expecting me.’
‘And who are you?’
‘My name’s Mark Latto. I’m a doctor. I’ve come over from
Britain to see her.’
‘Well, you’d better come in, Dr Latto,’ said the police
officer, stepping back from the door to let Latto in. ‘I’m
afraid I’ve got some bad news for you. Ms Spencer was found
dead early this morning.’
‘Oh no!’ Latto put a hand up to his mouth. ‘How terrible!’
‘Yes,’ continued the police officer, ‘so I’m afraid you won’t
get to see her. However, a detective will be along here in a few
minutes and he may want to have a talk with you.’
‘Detective?’ asked Latto. ‘Are you saying …?’

‘I’m not saying anything, Dr Latto,’ said the police officer,
looking Latto straight in the eye. ‘I’m just asking you to take
a seat in that room.’ He nodded at an open door on the right.
‘Someone will be with you shortly.’
Latto found himself in a light airy sitting room, with a
large window looking out over the sea. He put his sunglasses
down on a small coffee table and looked out of the window.
It was a lovely sunny March day. West Cliff Drive was busy
with joggers and people walking their dogs. Further out he
could see Santa Cruz Wharf beginning to open up for the
day. A van was taking food and drink to one of the
restaurants at the end of the wharf. A few men and women
were fishing from the side. And although it was early in the
year, there were one or two tourists walking along the wharf,
looking into the shop windows.
Latto was tall with dark brown hair and blue eyes. He was
wearing a light-coloured jacket and trousers and a light blue
shirt. He turned and looked at himself in the mirror on the
wall. Although he was in his early thirties, he looked older. It
was probably tiredness, he thought. It was ten in the morning
here in California, but his body was still on British time. He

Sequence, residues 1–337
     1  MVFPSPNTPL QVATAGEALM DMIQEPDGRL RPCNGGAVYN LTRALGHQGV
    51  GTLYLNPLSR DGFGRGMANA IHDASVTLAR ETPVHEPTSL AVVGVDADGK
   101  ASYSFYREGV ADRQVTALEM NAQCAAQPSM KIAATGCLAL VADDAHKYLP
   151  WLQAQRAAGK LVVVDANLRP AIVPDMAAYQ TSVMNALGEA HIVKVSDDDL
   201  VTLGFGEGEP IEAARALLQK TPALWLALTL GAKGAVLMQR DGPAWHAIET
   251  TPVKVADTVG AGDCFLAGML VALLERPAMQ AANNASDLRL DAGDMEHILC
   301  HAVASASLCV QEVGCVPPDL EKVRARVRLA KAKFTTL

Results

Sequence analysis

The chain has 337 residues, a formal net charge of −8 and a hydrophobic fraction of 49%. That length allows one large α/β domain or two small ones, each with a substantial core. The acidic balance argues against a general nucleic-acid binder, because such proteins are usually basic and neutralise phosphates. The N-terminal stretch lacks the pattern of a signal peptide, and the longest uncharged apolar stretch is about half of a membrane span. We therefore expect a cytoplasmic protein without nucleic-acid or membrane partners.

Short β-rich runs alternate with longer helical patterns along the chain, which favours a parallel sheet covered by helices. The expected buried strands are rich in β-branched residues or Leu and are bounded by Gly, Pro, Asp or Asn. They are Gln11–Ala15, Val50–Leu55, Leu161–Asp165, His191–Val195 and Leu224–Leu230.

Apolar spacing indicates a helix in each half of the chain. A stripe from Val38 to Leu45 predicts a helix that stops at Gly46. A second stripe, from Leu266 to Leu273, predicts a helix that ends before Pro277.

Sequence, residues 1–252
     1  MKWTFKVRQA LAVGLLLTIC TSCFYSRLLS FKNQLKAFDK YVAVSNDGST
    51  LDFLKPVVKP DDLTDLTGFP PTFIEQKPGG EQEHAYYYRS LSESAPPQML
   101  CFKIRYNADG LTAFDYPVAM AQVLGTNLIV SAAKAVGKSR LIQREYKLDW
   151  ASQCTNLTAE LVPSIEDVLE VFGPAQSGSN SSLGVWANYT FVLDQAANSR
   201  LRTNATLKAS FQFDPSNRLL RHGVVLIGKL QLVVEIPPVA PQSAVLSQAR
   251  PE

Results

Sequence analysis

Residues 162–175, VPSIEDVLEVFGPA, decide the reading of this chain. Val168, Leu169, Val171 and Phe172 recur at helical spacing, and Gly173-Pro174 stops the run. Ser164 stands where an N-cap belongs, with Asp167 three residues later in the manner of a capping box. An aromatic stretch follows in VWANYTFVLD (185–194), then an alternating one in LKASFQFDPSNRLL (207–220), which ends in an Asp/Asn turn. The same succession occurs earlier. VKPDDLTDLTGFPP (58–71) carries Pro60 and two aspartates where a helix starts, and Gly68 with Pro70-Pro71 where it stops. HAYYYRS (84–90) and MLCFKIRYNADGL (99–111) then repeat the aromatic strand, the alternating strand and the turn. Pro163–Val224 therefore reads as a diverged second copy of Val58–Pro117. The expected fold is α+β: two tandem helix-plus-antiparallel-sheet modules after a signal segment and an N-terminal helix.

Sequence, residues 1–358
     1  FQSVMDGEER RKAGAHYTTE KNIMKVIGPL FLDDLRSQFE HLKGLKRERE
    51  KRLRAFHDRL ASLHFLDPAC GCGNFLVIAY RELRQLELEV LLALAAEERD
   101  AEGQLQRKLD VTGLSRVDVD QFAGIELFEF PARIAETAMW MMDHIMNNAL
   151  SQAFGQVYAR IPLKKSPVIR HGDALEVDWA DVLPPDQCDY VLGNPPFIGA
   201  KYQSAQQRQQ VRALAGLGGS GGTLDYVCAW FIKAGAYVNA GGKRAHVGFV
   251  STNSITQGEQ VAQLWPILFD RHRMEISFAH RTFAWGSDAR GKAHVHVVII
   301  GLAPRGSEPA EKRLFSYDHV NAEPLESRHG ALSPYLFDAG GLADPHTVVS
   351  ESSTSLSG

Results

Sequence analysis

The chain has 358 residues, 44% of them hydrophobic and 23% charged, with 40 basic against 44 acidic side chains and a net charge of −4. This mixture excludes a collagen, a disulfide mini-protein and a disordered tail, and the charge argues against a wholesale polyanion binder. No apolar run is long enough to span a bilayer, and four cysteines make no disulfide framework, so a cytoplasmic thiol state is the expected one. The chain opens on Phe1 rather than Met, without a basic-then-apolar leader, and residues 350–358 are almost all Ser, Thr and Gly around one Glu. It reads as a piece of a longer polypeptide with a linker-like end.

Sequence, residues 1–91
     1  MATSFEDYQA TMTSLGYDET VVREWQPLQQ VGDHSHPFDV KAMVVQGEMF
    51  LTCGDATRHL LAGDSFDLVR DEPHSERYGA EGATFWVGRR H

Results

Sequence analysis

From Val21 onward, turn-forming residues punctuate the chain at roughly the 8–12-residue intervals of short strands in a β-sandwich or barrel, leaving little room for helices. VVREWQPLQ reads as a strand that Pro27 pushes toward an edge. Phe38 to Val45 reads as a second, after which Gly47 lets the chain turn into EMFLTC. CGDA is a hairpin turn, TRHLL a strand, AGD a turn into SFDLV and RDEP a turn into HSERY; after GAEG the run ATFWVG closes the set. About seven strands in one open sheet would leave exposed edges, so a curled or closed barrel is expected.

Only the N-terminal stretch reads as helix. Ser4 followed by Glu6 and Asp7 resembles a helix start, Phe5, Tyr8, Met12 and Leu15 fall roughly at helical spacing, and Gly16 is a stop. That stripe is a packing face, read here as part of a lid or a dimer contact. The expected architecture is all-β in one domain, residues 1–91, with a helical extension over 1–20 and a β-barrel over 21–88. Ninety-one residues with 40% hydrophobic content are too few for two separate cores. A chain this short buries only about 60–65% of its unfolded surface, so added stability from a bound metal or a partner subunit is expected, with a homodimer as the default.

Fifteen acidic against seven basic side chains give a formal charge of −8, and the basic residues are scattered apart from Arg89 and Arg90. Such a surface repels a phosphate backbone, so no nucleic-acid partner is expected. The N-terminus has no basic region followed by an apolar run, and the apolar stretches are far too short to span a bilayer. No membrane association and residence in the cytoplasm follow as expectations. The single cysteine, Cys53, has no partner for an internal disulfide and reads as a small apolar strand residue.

sat in a yellow armchair near the window and closed his eyes.
Time passed.



‘Dr Latto?’ said a voice.
Latto woke suddenly to see a short grey-haired man in his
late fifties standing in front of him.
‘I’m Tony Martinez, a detective with the Santa Cruz Police,’
said the man, taking some paper from the inside pocket of his
old brown jacket. He found a pen in a side pocket.

‘Hello, Detective Martinez,’ said Latto, starting to push
himself up out of the chair.
Martinez stopped him by holding out a hand. ‘Don’t get
up,’ he said. ‘I’ve just got a few questions for you.’
Latto sat uncomfortably on the front of the chair.
Martinez took a seat on the sofa opposite. His grey trousers
looked old. So did his shoes.
‘Officer Seymour tells me you’re British,’ said Martinez.
‘That’s right,’ replied Latto.
‘So how is it that you know Ms Spencer?’
Latto thought for a moment before answering.
‘I’m a doctor of western medicine and she’s, she was, a
doctor of Chinese, or Asian, medicine. She had some ideas
that I was very interested in. We emailed each other about
them. And then I came out here to learn more and so that